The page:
Tweetstorms have been around for a long time, it’s nothing new. But what exactly is a Tweetstorm? It’s really quite simple, a Tweetstorm is a thread of tweets, often used to tell a story or report on live events. As with many of Twitter’s features, Tweetstorms were not invented by the platform, but an adaptation of the technology inspired by user patterns. Did you know that the retweet and the @mention were both features inspired by users as well?

After years of users naturally writing threads on Twitter using a variety of methods, the platform gave us an early Christmas present at the end of 2017 with the launch of their Threads feature. Now many die hard tweeters protested, particularly as the Threads launch followed so closely behind the extended 280 character limit; both of these features were considered anti-microblogging; the essence of Twitter’s creation.

However, with Twitter increasingly being used to break news, call out foul play and as an entertainment platform, the expanded boundaries come as a welcome addition for many, opening up new ways to deliver content and be creative. So, how can we use this shiny new feature to our advantage? And what rules have Twitter put into play to protect us from Twitter Thread spam!?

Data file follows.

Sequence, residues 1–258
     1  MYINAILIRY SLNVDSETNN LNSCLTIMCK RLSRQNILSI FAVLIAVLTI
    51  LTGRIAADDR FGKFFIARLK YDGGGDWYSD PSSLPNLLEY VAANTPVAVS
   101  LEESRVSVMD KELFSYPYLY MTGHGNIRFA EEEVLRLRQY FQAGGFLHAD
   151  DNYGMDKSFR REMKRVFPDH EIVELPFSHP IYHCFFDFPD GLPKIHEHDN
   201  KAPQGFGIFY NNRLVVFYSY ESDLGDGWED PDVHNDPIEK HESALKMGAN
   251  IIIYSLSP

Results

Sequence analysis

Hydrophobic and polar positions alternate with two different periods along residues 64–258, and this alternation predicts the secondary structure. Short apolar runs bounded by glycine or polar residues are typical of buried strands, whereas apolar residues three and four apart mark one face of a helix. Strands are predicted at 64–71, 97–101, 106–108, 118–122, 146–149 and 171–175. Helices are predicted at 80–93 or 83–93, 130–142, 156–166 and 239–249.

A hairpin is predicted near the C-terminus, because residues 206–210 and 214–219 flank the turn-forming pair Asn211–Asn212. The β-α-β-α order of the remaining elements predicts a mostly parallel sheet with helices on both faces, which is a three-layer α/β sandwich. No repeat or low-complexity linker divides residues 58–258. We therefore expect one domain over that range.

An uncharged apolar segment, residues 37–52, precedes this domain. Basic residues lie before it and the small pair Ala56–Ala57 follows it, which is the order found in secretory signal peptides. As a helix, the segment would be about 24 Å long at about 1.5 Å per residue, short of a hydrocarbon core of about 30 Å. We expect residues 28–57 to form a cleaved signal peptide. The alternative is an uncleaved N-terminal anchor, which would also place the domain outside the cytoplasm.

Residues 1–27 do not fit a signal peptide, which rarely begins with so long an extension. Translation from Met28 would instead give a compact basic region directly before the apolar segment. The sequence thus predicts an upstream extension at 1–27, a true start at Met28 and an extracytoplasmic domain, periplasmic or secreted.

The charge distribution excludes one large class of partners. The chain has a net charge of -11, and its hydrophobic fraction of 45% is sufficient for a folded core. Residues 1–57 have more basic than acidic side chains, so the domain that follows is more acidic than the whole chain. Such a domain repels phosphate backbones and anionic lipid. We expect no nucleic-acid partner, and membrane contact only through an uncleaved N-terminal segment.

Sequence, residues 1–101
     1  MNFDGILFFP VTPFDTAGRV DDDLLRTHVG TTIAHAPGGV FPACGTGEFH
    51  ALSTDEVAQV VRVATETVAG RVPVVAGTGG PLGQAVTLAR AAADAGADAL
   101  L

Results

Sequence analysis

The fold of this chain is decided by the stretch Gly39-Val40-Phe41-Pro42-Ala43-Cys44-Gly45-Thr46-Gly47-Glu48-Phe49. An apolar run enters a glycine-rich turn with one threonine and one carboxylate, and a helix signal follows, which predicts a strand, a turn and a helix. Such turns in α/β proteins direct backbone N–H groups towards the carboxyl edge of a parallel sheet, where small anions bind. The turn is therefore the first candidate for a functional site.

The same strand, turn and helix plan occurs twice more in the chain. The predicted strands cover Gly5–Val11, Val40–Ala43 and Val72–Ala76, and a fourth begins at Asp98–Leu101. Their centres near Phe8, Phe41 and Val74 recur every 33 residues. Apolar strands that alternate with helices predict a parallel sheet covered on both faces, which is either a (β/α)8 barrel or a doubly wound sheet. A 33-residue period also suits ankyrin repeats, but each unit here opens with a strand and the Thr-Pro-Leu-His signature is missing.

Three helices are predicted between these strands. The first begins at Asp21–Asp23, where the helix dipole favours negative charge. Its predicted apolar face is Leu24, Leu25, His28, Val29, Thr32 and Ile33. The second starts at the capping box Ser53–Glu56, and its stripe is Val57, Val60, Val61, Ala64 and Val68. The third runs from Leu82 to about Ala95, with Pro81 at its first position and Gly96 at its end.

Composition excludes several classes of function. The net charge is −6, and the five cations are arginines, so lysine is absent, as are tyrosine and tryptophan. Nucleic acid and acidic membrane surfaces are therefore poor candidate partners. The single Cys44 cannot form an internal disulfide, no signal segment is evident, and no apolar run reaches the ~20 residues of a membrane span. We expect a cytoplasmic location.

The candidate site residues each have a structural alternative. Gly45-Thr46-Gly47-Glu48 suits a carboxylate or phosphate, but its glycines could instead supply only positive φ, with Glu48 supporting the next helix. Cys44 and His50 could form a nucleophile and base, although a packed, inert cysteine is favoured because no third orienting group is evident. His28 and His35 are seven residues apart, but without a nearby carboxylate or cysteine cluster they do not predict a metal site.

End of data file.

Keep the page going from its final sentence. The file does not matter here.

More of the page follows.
Threads now appear as an option in your compose box, you can add up to 25 consecutive tweets which will publish instantly as a thread. Remember, these can now have up to 280 characters each and include GIFs, images, videos and links too. This is perfect for live reporting an event or telling any kind of complex story. This can also be a great tool for summarising information into one place and can be optimised for humour too.

To ensure our timelines don’t become overloaded by lengthy rants, followers are only shown the first few tweets of a thread, represented by a line to show that they are connected. Users can then select to read more if they’d like to follow the entire thread.

On the plus side, users are already reporting that content produced in Twitter Threads have seen an increased level of engagement, so maybe it’s time to start embracing the new, lengthier version of this micro-blogging platform. Just don’t waste those characters, a lot can still be said via strong, snappy copy and the right visuals.

What do you think of the Twitter Threads feature – do you have any good examples to share? If you need some help getting your head around it, you know where we are.